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The Cytoskeleton: Microtubules and Microfilaments

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  • 0:05 The Cytoskeleton
  • 1:26 Microtubules
  • 3:14 Intermediate Filaments
  • 4:05 Microfilaments
  • 5:06 Lesson Summary
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Lesson Transcript
Instructor: Kristin Klucevsek

Kristin has taught college Biology courses and has her doctorate in Biology.

In this lesson, we'll learn about the cytoskeleton of your cells. This network of microtubules, intermediate filaments, and microfilaments helps different types of cells maintain a unique set of characteristics, including shape and movement.

The Cytoskeleton

Together with your muscles, your nerves, and your skin, your skeleton gives your body that characteristic human shape. It allows you to stand on two feet, to leap, and to play a round of flag football. Did you know that all of the cells in your body also have a skeleton all their own? Many different types of cells have a complex called the cytoskeleton, or network of thin fibers, that can help these cells do a range of activities. Maybe a cell can't pass around a pigskin, but it can do some equally cell-like, impressive things with the help of its very own skeleton.

A cytoskeleton can provide support and shape for a cell like your skeleton supports and shapes your body. Your skeleton helps you stand, and it also helps you run. In a cell, a cytoskeleton can also anchor a cell in one place or allow a cell to move. The bones in your arm help you catch a football independent from what's going on in your legs. The parts of your cells' cytoskeletons can also help structures move independently within your cells. A cytoskeleton can position cell structures in specific places within the cell, or it can move cell structures from one end of the cell to the other.

A cell's cytoskeleton is comprised of three different types of fibers: microtubules, intermediate filaments, and microfilaments.

Microtubules

Microtubules are the largest fibers of the cytoskeleton, with a 25-nanometer diameter. They are composed of two different proteins called alpha and beta tubulin. One dimer of tubulin contains one alpha subunit and one beta subunit. A microtubule is made up of many, many tubulin dimers. These dimers form long chains of alpha and beta tubulin. Thirteen chains of tubulin dimers make up one microtubule. The chains form a hollow tube, which is where microtubules get their name. They look like a paper towel roll. Each end of a microtubule is referred to as the plus end or the minus end, and each microtubule is dynamic, meaning it can grow and it can shrink by adding or subtracting dimers, usually to the plus end.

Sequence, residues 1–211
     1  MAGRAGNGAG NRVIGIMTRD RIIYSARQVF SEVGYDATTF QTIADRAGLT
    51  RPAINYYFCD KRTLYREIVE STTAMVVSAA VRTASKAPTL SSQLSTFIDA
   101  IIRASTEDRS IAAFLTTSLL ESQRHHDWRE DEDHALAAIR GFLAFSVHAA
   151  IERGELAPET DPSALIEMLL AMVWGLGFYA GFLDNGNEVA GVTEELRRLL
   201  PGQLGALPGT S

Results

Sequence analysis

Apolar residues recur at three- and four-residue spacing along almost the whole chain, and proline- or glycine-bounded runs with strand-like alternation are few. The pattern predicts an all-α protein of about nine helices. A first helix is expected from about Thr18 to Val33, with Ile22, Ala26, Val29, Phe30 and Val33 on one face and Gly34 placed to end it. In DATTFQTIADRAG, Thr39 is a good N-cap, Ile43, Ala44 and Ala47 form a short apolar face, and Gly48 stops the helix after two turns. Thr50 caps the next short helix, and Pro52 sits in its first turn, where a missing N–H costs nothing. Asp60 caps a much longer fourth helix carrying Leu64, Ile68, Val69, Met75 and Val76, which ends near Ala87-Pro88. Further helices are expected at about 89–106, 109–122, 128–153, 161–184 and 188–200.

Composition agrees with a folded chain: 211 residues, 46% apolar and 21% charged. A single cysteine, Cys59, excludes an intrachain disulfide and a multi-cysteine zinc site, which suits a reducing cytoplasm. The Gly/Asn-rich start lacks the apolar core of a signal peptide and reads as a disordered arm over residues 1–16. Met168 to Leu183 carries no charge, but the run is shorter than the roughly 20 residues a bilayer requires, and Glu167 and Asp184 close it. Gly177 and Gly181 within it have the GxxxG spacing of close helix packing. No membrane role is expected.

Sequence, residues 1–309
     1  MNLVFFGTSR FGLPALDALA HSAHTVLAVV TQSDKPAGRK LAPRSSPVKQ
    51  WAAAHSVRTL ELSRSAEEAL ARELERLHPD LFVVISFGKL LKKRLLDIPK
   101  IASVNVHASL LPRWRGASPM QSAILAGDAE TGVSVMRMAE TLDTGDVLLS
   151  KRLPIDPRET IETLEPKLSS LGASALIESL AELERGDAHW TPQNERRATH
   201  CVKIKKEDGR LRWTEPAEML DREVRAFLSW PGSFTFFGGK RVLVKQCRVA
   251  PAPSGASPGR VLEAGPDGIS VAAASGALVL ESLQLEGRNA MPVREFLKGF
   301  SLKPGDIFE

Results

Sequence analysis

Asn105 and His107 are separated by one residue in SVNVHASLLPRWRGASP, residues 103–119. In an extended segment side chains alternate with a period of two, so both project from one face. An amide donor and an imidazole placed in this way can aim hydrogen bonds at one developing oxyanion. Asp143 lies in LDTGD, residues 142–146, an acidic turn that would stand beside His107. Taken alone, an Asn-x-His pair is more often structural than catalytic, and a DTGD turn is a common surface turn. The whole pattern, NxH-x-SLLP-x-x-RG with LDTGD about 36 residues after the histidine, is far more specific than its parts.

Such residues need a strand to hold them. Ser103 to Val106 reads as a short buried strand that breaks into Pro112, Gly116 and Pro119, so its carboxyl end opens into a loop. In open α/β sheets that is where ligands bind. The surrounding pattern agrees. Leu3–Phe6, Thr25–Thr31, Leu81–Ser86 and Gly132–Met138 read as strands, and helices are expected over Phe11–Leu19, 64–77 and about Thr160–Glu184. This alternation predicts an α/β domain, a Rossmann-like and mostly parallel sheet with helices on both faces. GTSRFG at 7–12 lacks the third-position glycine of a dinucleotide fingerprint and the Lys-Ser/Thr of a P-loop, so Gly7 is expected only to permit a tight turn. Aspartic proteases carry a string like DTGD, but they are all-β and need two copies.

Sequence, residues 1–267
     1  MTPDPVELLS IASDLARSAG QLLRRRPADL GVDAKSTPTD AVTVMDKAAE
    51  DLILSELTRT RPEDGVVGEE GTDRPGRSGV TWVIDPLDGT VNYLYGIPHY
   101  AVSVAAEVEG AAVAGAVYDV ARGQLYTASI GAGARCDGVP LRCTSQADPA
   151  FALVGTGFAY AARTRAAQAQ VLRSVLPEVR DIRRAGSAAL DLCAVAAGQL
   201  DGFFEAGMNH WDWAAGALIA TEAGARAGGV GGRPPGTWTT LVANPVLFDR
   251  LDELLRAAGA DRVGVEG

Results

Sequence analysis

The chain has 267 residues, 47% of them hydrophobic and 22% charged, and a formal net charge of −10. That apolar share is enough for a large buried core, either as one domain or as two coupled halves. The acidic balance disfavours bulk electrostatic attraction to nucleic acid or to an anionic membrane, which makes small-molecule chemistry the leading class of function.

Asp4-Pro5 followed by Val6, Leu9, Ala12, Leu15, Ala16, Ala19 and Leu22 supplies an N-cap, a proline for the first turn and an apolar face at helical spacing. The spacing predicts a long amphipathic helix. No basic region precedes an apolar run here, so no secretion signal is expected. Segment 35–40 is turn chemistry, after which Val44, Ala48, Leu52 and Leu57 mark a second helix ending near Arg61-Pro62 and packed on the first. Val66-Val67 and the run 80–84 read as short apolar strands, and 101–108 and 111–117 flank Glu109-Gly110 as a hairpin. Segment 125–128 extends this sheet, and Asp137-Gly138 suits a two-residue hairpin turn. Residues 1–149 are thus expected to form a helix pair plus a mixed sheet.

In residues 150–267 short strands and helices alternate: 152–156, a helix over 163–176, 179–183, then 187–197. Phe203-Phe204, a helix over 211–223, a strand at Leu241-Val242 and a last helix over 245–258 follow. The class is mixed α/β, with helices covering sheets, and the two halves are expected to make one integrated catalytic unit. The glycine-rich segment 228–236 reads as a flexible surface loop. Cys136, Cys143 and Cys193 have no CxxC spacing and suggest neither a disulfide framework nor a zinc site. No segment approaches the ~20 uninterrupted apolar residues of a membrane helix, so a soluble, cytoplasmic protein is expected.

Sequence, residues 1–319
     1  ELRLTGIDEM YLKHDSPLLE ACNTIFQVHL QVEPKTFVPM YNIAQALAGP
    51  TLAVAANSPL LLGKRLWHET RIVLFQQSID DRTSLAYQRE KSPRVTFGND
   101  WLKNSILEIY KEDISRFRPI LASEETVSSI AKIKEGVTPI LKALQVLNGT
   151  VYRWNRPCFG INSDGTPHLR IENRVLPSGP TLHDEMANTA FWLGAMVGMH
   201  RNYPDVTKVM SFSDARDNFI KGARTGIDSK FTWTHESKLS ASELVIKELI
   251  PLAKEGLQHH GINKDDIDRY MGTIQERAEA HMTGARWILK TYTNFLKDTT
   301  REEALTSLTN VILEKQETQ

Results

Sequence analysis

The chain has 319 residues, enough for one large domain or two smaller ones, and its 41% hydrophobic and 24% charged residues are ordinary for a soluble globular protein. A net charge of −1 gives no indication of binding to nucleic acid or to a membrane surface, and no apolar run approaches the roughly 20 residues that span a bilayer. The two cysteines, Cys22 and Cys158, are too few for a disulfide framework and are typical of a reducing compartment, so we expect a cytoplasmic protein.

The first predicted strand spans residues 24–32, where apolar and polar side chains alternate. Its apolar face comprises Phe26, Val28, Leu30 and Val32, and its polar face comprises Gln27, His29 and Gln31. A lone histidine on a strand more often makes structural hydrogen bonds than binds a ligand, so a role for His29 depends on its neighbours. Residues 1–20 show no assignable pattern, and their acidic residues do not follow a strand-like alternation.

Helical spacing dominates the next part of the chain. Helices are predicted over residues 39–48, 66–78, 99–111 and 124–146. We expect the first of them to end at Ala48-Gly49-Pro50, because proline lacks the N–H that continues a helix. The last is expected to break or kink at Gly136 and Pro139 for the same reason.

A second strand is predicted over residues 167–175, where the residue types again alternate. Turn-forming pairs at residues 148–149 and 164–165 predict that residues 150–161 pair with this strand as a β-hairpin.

Thirteen chains of dimers make up a microtubule
Microtubule

Microtubules function to support the cell shape, but they also help cell division. Microtubules can be used like train tracks in the cell along which vesicles and structures can be transported by riding across them. A fourth important function of microtubules is in cell movement. Some cells have flagella and cilia made of microtubules. Flagella are long, snake-like whips that drive cell movement. Sperm cells are an example of cells that have flagella, which allows them to swim. Cilia are multiple short, hair-like structures that beat to move liquid around a cell. Cilia are found in the cells that line your respiratory track, where they rhythmically beat to help you move mucous when you're sick. Both flagella and cilia are made with microtubule structures surrounded by a plasma membrane. If you looked at a cross section of flagella or cilia, you would see what's referred to as a '9 plus 2' arrangement of microtubules. This is nine pairs of microtubules in a circle with two single microtubules in the center.

Intermediate Filaments

The next components of a cytoskeleton are the intermediate filaments. These fibers are called intermediate because they are the mid-sized fibers of the cytoskeleton, measuring 8-12 nanometers in diameter. They can be made from any of several fibrous proteins twisted together like twine to make a rope.

Intermediate filaments make up the nuclear lamina
Nuclear Lamina

Intermediate filaments have a diverse role in structure and support within the cell. One specialized group of intermediate filaments has an important role in the nucleus, where they can make up the nuclear lamina. Remember that here they are essentially the cytoskeleton of the nucleus, specifically supporting a structure of your cells like the bones supporting your hands. Here, intermediate filaments provide support to the nuclear lamina and aid in regulating nuclear processes. They also extend from the nuclear envelope, helping the nucleus keep its position within the cell.

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